The consumer advocate of Florida Power & Light Co. (“FPL”), a unit of NextEra Energy Inc. (NEE), plans to oppose the rate increase agreement filed with the Florida Public Service Commission (“FPSC”). The FPL and representatives of the Florida Industrial Power Users Group (“FIPUG”), the South Florida Hospital and Healthcare Association and the Federal Executive Agencies were behind the filing of this rate increase.
The parties have filed a joint motion with FPSC for approval of a stipulation and settlement that would resolve all matters in FPL's pending base rate proceeding. Subsequently, these parties have also filed a request to defer the base rate proceeding, temporarily on the pending proposed 2012 rate agreement. The hearing was expected to begin from August 20, 2012.
Key elements of the 2012 rate agreement are: new retail base rates and charges would be brought in resulting in an increase in retail base revenues of $378 million on an annualized basis, FPL's allowed regulatory return on common equity (“ROE”) would be 10.70%, bounded between plus-minus 100 basis points. If FPL's earned regulatory ROE falls below 9.70%, FPL could seek retail base rate relief and if it rises above 11.70%, then any party to the proposed 2012 rate agreement other than FPL could seek a review of FPL's retail base rates.
Per the agreement, retail base rates would be increased by the annualized base revenue requirements for FPL's three modernization projects as each of them get operational. Cape Canaveral, Riviera and Port Everglades are expected to come online in 2013, 2014 and 2016, respectively.
Over the term of the proposed 2012 rate agreement, FPL could amortize any surplus depreciation reserve remaining at the end of 2012 along with a portion of FPL's fossil dismantlement reserve, which in total will not be more than $400 million, subject to certain conditions. However, FPL must consider amortizing enough reserve to maintain a 9.70% earned regulatory ROE but would not amortize any reserve that would earn regulatory ROE in excess of 11.70%.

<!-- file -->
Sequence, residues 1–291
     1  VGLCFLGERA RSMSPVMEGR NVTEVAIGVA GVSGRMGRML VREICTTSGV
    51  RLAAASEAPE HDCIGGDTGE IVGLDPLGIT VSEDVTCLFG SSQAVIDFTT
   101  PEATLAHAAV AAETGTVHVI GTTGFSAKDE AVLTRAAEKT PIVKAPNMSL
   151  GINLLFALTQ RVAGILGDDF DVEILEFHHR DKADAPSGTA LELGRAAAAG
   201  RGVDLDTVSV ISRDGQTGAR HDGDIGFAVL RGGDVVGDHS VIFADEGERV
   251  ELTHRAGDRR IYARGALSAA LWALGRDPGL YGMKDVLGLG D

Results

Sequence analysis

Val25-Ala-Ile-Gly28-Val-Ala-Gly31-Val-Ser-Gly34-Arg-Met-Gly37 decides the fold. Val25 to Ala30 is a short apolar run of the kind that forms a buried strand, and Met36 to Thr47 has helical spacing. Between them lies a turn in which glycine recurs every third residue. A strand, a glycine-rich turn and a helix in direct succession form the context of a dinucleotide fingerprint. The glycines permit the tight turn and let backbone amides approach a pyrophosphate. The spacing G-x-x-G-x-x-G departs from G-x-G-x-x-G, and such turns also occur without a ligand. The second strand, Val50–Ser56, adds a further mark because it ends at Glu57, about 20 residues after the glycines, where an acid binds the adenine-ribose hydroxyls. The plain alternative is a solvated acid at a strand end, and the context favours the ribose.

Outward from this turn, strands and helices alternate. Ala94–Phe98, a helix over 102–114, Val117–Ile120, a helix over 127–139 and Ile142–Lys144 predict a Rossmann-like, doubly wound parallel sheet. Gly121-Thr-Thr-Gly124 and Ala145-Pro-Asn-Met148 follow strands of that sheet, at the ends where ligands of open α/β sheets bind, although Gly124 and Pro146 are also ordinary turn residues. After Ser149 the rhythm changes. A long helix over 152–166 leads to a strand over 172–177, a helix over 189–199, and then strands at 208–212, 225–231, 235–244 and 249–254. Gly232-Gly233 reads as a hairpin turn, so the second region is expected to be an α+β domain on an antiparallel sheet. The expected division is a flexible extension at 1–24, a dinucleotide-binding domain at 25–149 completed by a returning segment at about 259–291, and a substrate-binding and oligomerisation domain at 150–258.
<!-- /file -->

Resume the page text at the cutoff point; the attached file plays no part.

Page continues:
Finally, per the agreement, future storm restoration costs on an interim basis would be recoverable within a period of 60 days from the filing of a cost recovery petition, but restricted at an amount that could produce a surcharge of not more than $4 for every 1,000 kwh of usage on residential bills during the first 12 months of cost recovery. Any additional costs would be eligible for recovery in the subsequent years. If storm restoration costs exceed $800 million in any given calendar year, FPL could request an increase to the $4 surcharge to recover the amount above $800 million.
The parties stated that at least at the initial stage much of the base rate increase would be offset by a reduction in fuel adjustment fees. However, they expect these charges to rise in the future. Taking into account the overall adjustment, there would be a net monthly increase of 93 cents for a residential customer using 1,000 kilowatt hours. When a new power plant will go on line in June 2013, the rate will likely go up 1.3% or 28 cents to $1.21 per month. Currently, the company did not provide estimates of rate changes for the two plants that are expected to come online in 2014 and 2016.
The agreement will result in a cost shift from high end users to residential and small business customers. Per the agencies, residential bills will rise, rates for most commercial customers will remain flat or decline 3%. All these conditions and requests would be effective from January 2013 through December 2016 if approved by FPSC.
Juno Beach, Florida-based NextEra Energy Inc. is a public utility holding company engaged in the generation, transmission, distribution, and sale of electric energy. The company also operates one of the largest fleet of nuclear power stations. NextEra Energy is a frontrunner in the U.S utility industry providing efficient power and energy services across various states. The company continues to expand and diversify its electric and energy business through extensive investment. We believe continued investments in its power and renewable business would act as positive factors for the company’s profitability.
However, volatile demand due to ongoing extreme weather variations and the uncertainty associated with rate case filed by Florida Power is a matter of concern. The company presently retains a short-term Zacks #3 Rank (Hold) that corresponds with our long-term Neutral recommendation on the stock.
Some of its main competitors are American Electric Power Co. Inc. (AEP) and PG&E Corporation (PCG).
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